A late compiled list, but completed as a statement that I truly do love these films from 2016. I no longer have the attitude though like I did in past years that “these films are essential, you’re missing something if you haven’t seen all ten!” That used to be me. I have a second and third job now, I have a family now. I love these ten, but I think for a lot of people I say just surf my list and whatever entices your interest check it out. Even if it’s just one or two films from the list. Five hopefully. Again, I’m kidding. If this inspires you to see one film off this list that you wouldn’t have seen without reading about it, then my efforts were worthwhile. Be sure to click on the hyperlinks when available to read the original reviews.
BEST OF 2016
1. La La Land – One of the thirty greatest films ever made, and I have no bones in making that kind of tall declaration. You can say you had a good time with “West Side Story,” “My Fair Lady” and “Chicago” without feeling you ever had to see them a second time. “La La Land” is the greatest commercial musical of the last 63 years (since 1953’s “The Band Wagon”), made with dazzling numbers, verbal wit that’s terse and not overwritten, charisma by Ryan Gosling and preciousness by Emma Stone, a dreamy ending that out-Kaufmans Charlie Kaufman, a rekindling reminder of the butterflies in the stomach of first real love. Damien Chazelle has crafted it all with such love and ingenuity that you just don’t fall for it. For me, the movie lives inside me every day since I’ve seen it.
2. Sully – Clint Eastwood’s “Unforgiven” is his career best, but I say this is the next essential one up in line. I see “Sully” as a political movie. You just can’t perform a heroic miracle in this day and age without some government faction trying to defame and take away a person’s heroism. Tom Hanks is nothing less than a perfect actor playing a real-life graceful and remarkable human being. Some people might say “Sully” isn’t sensational enough, but I think there are times when people live in hushed silence and doubt following a harrowing event. Hanks finds nobility within the character even in confusion, and in a quiet way, he is amazing.
3. Manchester by the Sea – Has there ever been a film about a man who ruins his life in the way that Casey Affleck does in this film? It’s so horrible I don’t know how you could ever forgive yourself. Until the film stretches on, then you think, why doesn’t this guy just forgive himself already? Lucas Hedges is like many east coast teenagers I have known, and yet his smart and socially aware type never makes it into the movies. He is knocking on the door to adulthood where he will certainly succeed. He only needs a couple more years for somebody to help him out, give him that push. The stunning part is that Affleck does not think he is that guy. Then there is Michelle Williams’ final appearance in the film, which makes us re-think everything we just saw, and reconsider the angle of where guilt should lie.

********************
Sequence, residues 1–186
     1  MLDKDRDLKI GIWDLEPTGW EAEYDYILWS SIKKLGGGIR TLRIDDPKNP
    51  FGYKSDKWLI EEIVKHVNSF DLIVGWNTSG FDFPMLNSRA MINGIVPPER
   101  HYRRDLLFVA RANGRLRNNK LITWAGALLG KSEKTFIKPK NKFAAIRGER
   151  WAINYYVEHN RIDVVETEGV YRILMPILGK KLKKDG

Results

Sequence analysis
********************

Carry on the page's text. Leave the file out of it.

4. Arrival – A big budget sci-fi mindbender with occasional welcome dollops of dreamy cinematography? Yes, please! Some more, Hollywood! Denis Villenueve has made some offbeat films, but with this he has solidified himself as a true visionary. Give him this, he turns Earth itself into an eerie, mystifying but beautiful place. I emotionally connected strongly to “Arrival” when it transformed into a socio-political parable, as well as found myself avid to the incomparable Amy Adams as the linguistics scientist who decodes the language of outer space aliens.
5. The Lobster – One of the strangest films ever made seeming to take place in an alternative world like our own but just off. Living single is outlawed, so you have only forty-five days to choose a permanent mate. Colin Farrell has problems finding an appropriate mate that’s worth living with. John C. Reilly, playing a guy with a lisp, (hilariously!) has almost no chance of finding that perfect someone! Somehow, with the case of everybody, the human spirit is just squashed here. The Greek director Yorgos Lanthimos (“Dogtooth”) has made a film so original with its bizarre content and cracked tone that it elevates above even the more gutsy art house entries.
6. Hell or High Water – A sunbaked “Fargo,” a crime drama set in the backwaters of Texas. Jeff Bridges sums up the meaning of great acting as the bellicose Texas Ranger who can predict it all because he’s seen it all, and his philosophical musings are both heady but yokel comical. Yet I never thought I’d see such complex layers from Chris Pine and Ben Foster as the criminal brothers who raid banks in ramshackle towns for a few thousand at a time until they reach their objective quota. It’s a terrifically shot movie, too.